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ARC: 100 Years Later, An Attempt to Re-Conquer Gotham

penn station historic underground photo

One hundred years ago, during the early months of 1908, workers – known as “sand hogs” – blasted through the first rail tunnels under the Hudson River. As Jill Jonnes recounts in her recent book Conquering Gotham, the dreams of the Pennsylvania Railroad and its president, Alexander Cassatt, were finally fulfilled. No longer would Manhattan bound train riders have to disembark in New Jersey for a ferry ride across the Hudson.

By April 1908, “You could now enter a tunnel at Bergen Hill and, following it down under the North River, as the New York Times reported, ‘Walk from Hackensack Meadows to Long Island, but the Way is Stony and Wet.’ More than five miles of PRR railroad tunnels, starting in New Jersey and ending in Long Island were now bored completely through,” said Jonnes. At the same time, the old Penn Station was rapidly rising to become a temple to this amazing feat of engineering.

The PRR’s two-track tunnel has served the region well for the past century. But today there are more riders than ever. As a result, NJ Transit and Amtrak are facing a capacity crisis. The tunnel simply cannot handle any more train traffic during rush hour. Talk to anyone who takes NJ Transit to Penn Station and you are bound to hear horror stories about delays.

moynihan station major choke point graphic

In response, NJ Transit, the Port Authority of New York and New Jersey, and the federal government have proposed the first trans-Hudson rail tunnel in one hundred years. The project is known as “ARC” for Access to the Region’s Core.

The $7.6 billion project will double train capacity into Penn Station by building a new two-track tunnel and a new train station under 34th Street. Currently, it is expected to begin construction in 2009 and to be completed in 2017.

Most everyone agrees that the region needs a new commuter rail tunnel, but there has been plenty of debate about its planning and design. Whereas the first trans-Hudson train tunnels arrived in the magnificent old Penn Station, the new ARC tunnel will terminate in a cavern 125 feet below Macy’s. To connect to other trains at Penn Station riders will have to ascend over 100 feet and walk the equivalent of 2-3 blocks through a passageway.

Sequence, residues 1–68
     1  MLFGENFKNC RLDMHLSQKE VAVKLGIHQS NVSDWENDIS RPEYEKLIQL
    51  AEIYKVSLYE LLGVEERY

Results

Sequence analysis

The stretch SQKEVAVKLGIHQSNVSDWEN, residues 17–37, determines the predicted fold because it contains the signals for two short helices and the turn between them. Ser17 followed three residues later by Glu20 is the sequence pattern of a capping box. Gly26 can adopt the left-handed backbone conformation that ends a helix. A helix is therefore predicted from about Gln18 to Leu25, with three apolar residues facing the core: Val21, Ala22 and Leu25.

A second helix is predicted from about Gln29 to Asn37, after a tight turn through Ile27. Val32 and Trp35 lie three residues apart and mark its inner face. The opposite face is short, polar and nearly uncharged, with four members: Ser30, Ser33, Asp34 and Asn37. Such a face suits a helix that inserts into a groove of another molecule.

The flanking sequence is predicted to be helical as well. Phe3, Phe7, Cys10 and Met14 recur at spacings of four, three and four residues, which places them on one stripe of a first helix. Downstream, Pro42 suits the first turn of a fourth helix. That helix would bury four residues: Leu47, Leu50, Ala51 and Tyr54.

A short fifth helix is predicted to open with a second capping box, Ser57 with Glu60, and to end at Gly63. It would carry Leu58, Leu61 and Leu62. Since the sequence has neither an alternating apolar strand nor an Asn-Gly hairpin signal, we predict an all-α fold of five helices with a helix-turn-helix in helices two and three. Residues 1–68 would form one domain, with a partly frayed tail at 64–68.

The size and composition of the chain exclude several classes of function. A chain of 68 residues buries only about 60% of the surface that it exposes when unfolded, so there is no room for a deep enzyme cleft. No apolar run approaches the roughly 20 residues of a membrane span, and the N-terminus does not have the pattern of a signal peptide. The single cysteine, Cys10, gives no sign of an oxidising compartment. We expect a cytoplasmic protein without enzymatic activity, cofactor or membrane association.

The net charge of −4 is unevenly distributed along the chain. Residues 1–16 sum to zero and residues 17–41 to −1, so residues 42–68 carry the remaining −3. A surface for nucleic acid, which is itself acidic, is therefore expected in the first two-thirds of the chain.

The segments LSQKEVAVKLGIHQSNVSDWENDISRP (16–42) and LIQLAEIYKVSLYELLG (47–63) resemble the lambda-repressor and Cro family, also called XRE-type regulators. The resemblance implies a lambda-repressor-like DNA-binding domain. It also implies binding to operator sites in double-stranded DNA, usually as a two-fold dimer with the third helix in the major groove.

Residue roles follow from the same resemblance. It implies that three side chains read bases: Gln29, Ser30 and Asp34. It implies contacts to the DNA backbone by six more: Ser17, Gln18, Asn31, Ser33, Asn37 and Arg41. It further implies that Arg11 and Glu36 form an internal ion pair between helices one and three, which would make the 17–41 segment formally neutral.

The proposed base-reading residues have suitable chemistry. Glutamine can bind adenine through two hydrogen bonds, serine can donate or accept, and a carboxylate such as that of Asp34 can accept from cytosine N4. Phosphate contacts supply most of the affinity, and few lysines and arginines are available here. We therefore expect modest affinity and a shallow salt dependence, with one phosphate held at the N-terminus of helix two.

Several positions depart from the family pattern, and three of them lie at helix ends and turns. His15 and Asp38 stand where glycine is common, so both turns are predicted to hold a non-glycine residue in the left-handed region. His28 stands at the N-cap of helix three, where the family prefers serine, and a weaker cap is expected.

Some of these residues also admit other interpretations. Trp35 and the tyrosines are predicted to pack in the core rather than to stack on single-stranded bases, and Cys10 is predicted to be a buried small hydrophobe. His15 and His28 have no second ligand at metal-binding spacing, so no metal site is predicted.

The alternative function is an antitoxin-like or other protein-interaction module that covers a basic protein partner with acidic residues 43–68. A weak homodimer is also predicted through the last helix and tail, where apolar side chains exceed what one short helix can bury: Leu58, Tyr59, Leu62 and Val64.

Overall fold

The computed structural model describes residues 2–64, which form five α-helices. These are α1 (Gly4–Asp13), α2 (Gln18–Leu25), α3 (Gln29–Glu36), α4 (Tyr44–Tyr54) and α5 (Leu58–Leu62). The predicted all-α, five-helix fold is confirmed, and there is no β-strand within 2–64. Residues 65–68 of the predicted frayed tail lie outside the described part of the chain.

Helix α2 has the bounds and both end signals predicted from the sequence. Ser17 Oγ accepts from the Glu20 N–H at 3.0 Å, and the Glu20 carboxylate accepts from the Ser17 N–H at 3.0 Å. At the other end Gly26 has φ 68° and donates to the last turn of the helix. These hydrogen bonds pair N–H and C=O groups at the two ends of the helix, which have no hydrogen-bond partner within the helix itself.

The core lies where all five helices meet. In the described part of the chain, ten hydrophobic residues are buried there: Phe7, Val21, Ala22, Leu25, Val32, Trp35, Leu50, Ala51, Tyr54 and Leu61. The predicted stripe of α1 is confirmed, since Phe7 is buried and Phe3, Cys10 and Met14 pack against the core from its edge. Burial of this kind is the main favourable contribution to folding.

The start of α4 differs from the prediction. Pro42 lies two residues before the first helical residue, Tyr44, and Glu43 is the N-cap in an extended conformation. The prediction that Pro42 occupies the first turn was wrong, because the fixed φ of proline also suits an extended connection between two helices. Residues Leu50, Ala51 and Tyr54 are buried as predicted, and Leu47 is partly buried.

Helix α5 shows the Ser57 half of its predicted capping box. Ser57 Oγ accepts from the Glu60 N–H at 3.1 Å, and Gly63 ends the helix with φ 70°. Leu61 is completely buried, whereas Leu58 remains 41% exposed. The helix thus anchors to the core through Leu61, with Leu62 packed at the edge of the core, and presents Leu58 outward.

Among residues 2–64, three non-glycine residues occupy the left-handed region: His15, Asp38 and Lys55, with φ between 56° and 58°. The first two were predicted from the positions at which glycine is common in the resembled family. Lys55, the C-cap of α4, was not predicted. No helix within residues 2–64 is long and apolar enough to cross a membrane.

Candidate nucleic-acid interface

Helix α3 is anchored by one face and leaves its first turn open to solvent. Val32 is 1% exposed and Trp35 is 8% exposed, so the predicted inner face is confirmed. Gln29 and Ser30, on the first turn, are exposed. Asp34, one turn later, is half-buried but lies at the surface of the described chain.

moynihan station arc tunnels map

Supporters of the current proposal include the Regional Plan Association, the New York Building Congress, and the New Jersey Alliance for Action. Opponents point out that the proposed station is not integrated with the platforms that will serve the future Moynihan Station – nor does it provide an opportunity to connect to Grand Central for access to the Midtown East commercial area.

The Tri-State Transportation Campaign is concerned about pedestrian overflow on the already overcrowded sidewalks around 34th St – which sounds to us like another reason to reopen underground passageways and consider Manhattan BP Scott Stringer’s proposal for a pedestrian thoroughfare on 33rd Street.

Transit advocates represented by the Regional Rail Working Group, including George Haikalis and the New Jersey Association of Railroad Passengers, have voiced concerns about the deep cavern station under 34th St because of security concerns and the lack of direct connection to Penn Station. The station will be four times deeper than the existing Penn Station platforms. Instead, they believe the tunnel should come into existing tracks at Penn Station (see our recent post about the Grand Central/Penn Station connection for more info).

Meanwhile, the Architect’s Newspaper reports that New Jersey’s budget problems are holding up federal funding for the project. At a recent conference hosted by the New Jersey Alliance for Action, Governor Corzine said “co-equal investments with the federal government are vital.” He added, “If we cannot provide state matching dollars, we could lose the ARC tunnel.”

Timing is critical. Ridership is expected to double by 2015 and New Jersey officials, including Corzine, are concerned that Manhattan’s congestion pricing plan will place more stress on the trans-Hudson tunnel capacity crisis.

Resources for more information:

Visit the Access to the Region’s Core site

Listen to Jill Jonnes talk about Conquering Gotham on NPR’s All Things Considered

Read “Growing Pains; The Midtown Direct Line, a Victim of Its Own Success, Leaves Riders Grumbling About the Rush-Hour Madness,” from The New York Times

Read “Uniting Suburbs, One Rail Project at a Time,” by Ken Belson for The New York Times

Read “Port Authority Expected to Raise Tolls to Support 2nd Hudson Rail Tunnel,” by Ken Belson for The New York Times

[Images courtesy of Conquering Gotham and Access to the Region’s Core]